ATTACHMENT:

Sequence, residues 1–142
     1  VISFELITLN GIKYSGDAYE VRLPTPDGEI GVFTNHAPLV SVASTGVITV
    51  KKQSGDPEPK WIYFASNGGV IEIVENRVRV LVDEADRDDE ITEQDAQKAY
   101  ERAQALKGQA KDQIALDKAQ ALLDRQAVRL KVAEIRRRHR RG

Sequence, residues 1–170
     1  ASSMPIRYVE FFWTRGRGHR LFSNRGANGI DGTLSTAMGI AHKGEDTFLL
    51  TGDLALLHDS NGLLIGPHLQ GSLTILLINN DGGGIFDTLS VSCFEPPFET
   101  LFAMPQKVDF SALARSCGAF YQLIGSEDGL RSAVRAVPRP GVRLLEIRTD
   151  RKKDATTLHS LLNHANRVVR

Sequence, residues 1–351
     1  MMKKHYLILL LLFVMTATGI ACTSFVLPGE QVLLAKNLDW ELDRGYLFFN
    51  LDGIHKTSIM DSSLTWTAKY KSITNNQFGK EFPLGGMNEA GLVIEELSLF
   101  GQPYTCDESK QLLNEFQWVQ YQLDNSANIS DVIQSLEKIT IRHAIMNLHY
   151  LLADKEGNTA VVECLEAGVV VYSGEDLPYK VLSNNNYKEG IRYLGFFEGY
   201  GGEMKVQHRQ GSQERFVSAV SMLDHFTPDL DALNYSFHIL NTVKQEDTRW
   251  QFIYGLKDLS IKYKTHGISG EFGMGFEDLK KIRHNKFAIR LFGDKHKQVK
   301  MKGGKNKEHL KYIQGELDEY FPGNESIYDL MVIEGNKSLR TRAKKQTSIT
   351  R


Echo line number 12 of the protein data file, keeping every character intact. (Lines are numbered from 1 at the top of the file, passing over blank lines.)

    51  LDGIHKTSIM DSSLTWTAKY KSITNNQFGK EFPLGGMNEA GLVIEELSLF